Food. The food industry will work for sure o new sintetic food, to mass produce as well to produce safe transgenic meat.
I'm with a startup called PetroFeed and we're looking to tap into the huge potential in the industry. Most startups in the O&G industry are concerned with building better drilling technologies, or finding new resource pockets; leaving lots of room for companies like ours. ;)
99.99% of online educational videos suck. For example, watching the video is so painful that all I can think about is "how do I get out of here?". (Possibly I am spoiled from watching too many popular vlogs on YouTube.)
The other 0.01% of online educational videos that don't suck prove that it is possible to make such videos. The best examples I can find are RailsCasts and "Math Antics" (the first is for grownups, the second is aimed more at children, but I would watch something like Math Antics that had more advanced content).
Self-treatments on demand: someday, you wont need to go in a doctor office for diagnoses, medical check-ups and treatments.
Marijuana, online privacy, personal defense weapons, batteries, patent law.
Ocean mining, fuel and energy, long-distance wireless communications, medicines, education.
Space travel - I'd love to predict fortunes in it, but it's still a wildcard and a dream.
Artificial/in vitro food
With county budgets being stressed and more areas considering converting paved roads to gravel roads, any kind of delivery system that can avoid roads will be a benefit.
-Transportation (if you can find a way to decrease fuel costs)
-Disruptive medicine (traditional drug companies will be making less and less money, but companies that develop cheaper cures to common world-wide ailments will be extremely successful)
Basically, things that are necessities for living. Media/entertainment will become an increasingly zero-sum game.
Much the home will be automated, includes search and storage and cleaning. It will get smaller, lose the need for a garage, and be easier to lease out, reconfigure, move, replicate.
Education, Medicine, Law, Jobs, Banking, Sins (Most already there), Importation (3d printers).
"Space is where the first trillionaires will be made"
I think google is years ahead of everyone else here, and it will be a product that will be high price, high margin. And the market is huge.
I really don't see how google could walk away from that one without gobs of cash in their pockets.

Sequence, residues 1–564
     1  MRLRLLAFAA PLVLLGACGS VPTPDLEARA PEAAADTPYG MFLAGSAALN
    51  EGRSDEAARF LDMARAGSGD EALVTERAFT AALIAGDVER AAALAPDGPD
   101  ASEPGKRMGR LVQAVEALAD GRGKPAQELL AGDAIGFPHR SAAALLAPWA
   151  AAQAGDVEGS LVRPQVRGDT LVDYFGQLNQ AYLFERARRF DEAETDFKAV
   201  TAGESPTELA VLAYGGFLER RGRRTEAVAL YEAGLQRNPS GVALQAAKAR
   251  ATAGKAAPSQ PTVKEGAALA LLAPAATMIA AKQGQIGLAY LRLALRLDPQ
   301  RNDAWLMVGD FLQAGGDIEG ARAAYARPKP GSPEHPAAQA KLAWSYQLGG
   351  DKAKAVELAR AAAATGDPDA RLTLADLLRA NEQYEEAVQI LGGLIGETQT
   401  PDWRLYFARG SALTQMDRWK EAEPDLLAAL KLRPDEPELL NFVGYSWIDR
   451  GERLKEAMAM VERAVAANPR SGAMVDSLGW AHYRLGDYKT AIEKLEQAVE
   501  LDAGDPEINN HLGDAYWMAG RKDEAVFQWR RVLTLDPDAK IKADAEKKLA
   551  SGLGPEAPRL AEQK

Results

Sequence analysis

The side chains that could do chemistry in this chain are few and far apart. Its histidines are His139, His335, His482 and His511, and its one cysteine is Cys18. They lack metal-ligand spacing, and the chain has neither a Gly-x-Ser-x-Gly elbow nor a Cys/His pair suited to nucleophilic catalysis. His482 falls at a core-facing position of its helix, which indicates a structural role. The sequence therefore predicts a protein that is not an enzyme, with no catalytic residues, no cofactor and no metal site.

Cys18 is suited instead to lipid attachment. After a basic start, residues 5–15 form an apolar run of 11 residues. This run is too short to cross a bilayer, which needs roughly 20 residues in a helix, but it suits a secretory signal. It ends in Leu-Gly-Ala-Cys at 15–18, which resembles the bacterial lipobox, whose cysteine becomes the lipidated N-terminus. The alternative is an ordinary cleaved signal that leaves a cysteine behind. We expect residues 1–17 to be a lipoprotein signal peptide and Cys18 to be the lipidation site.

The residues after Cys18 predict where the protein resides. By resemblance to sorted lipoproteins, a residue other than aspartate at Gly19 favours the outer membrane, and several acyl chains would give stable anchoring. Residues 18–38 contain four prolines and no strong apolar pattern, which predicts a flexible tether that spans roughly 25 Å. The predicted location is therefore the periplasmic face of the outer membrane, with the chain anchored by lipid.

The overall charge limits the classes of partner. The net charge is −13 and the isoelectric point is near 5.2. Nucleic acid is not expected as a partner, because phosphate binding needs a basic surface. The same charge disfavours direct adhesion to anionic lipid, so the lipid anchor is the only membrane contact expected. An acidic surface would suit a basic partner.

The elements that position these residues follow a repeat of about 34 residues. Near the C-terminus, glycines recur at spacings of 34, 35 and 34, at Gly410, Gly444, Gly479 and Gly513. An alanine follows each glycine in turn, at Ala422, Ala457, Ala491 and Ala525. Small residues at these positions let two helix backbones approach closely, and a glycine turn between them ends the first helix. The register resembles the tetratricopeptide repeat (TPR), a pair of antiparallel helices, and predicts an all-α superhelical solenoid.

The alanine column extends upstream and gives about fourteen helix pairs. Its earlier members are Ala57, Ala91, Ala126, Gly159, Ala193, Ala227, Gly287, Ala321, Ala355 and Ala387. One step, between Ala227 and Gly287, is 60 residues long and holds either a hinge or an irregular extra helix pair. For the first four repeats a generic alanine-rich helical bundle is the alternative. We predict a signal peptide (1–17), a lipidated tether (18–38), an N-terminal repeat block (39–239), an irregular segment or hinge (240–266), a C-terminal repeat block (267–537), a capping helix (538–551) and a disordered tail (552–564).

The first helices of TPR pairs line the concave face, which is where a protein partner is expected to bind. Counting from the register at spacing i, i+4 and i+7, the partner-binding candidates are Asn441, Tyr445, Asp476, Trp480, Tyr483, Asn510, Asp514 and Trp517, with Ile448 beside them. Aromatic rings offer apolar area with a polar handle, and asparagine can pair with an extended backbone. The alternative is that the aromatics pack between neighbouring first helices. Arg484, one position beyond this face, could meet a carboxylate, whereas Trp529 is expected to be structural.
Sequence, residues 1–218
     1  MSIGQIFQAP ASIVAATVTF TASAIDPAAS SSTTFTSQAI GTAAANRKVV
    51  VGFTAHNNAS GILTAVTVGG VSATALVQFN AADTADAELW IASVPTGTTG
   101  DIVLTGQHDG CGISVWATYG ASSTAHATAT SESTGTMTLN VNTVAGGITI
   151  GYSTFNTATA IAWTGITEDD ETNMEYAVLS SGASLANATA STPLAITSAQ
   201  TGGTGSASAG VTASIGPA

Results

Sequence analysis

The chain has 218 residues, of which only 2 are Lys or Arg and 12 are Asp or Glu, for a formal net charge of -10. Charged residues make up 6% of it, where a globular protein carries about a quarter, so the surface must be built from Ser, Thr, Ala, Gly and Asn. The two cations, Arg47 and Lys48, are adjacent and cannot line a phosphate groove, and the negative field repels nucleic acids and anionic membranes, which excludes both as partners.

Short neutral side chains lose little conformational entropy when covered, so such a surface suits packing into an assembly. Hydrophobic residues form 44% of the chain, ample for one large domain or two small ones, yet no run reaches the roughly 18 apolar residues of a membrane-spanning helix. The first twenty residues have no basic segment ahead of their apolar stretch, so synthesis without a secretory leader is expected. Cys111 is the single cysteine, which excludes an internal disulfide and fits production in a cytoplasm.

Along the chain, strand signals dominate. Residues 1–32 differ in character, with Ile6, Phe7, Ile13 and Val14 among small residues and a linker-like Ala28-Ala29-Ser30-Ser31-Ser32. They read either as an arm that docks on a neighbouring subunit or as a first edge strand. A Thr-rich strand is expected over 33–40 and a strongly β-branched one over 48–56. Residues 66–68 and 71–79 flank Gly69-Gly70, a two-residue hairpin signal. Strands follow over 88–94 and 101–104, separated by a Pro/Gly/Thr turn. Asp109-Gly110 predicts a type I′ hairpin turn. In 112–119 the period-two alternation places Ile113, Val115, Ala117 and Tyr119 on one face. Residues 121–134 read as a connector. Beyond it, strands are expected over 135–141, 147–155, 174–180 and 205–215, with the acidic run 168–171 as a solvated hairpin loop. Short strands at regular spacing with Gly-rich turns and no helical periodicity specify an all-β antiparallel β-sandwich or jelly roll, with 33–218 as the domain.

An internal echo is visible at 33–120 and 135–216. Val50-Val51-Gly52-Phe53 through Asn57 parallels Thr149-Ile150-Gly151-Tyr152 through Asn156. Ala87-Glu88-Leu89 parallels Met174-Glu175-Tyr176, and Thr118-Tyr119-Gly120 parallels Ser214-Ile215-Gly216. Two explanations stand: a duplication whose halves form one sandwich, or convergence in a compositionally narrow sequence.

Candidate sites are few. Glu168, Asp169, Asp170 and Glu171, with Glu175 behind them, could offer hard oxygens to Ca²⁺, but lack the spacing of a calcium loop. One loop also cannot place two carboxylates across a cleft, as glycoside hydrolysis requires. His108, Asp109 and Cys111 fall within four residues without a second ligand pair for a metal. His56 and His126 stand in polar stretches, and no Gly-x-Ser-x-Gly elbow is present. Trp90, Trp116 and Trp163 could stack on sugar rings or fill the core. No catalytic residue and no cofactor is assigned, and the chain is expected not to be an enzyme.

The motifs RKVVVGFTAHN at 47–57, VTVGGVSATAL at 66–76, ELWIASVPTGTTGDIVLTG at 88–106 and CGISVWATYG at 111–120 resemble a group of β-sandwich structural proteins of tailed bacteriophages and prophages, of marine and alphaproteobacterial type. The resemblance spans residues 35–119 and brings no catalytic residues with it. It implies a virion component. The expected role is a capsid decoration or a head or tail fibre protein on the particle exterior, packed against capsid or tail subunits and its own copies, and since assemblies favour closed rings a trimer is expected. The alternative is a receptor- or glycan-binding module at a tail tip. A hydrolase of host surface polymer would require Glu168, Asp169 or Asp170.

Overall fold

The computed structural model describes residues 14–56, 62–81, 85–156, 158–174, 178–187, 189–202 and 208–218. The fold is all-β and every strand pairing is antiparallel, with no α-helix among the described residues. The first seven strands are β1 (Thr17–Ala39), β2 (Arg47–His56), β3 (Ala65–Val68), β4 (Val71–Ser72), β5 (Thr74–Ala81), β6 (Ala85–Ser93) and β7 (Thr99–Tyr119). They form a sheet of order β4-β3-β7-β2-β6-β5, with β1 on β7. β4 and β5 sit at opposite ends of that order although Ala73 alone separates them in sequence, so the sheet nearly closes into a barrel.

Fulfillment will be a place for fortunes to be made, as it always has been. Amazon has been executing exceedingly well in this area but it's not as though everyone else has been sitting on their ass. Over the next decades the sort of smart, high-tech, low latency fulfillment that we've come to associate with Amazon will be the worldwide standard anywhere and everywhere. Also look for infrastructural improvements along those lines. It used to be that people had visions of pneumatic tubes running everywhere. But consider some variations on that theme, a fully automated delivery system that could route standard sized containers across cities, continents, or maybe even the world. Maybe autonomous vehicles could play into that, but it seems as though building custom infrastructure would also provide a substantial RoI. Imagine how different the world would be if every housing structure had a 1m^3 "mail box" that you could receive packages in or send packages from which would immediately deliver them anywhere in the system 24/7 without human intervention. Economics changes a lot, consumerism changes a lot, industry changes a lot, and so on.
Fully automated manufacturing and configurable manufacturing. These may not replace all manufacturing but they seem likely to me to become a "big deal", and people will make a lot of money off them. Imagine if you could go to a web page upload a bunch of plans (3D models, wiring diagrams, etc.) and place an order for a factory to manufacture something you've designed. This is more than just the home manufacturing (3D printing et al) revolution, it's something on an entirely different scale. Imagine how this sort of thing would affect the cost of production of material goods. Imagine how it would affect the iteration speed as well. And think about how it would affect the mass production society we've grown accustomed to. What happens when a designer can produce a batch of a few hundred or a few thousand custom designed smartphones or what-have-you? Instead of everyone buying from a small pool of mass produced goods does the market change to focus more on boutique versions of such things? Do people start buying things that are more customized in functionality? What happens when you create factories that can effectively replicate themselves?
Education is slated to change dramatically over the next decades. Much of the world today lives in areas where formal education is not the norm. As those areas become developed there are education opportunities other than the traditional ones, especially when you consider the widespread abundance of computing devices in the future (see above). There is a huge market for learning software, on a multi-billion dollar per year scale, but a hell of a lot of work will have to go into creating all of that software to make it effective and practical.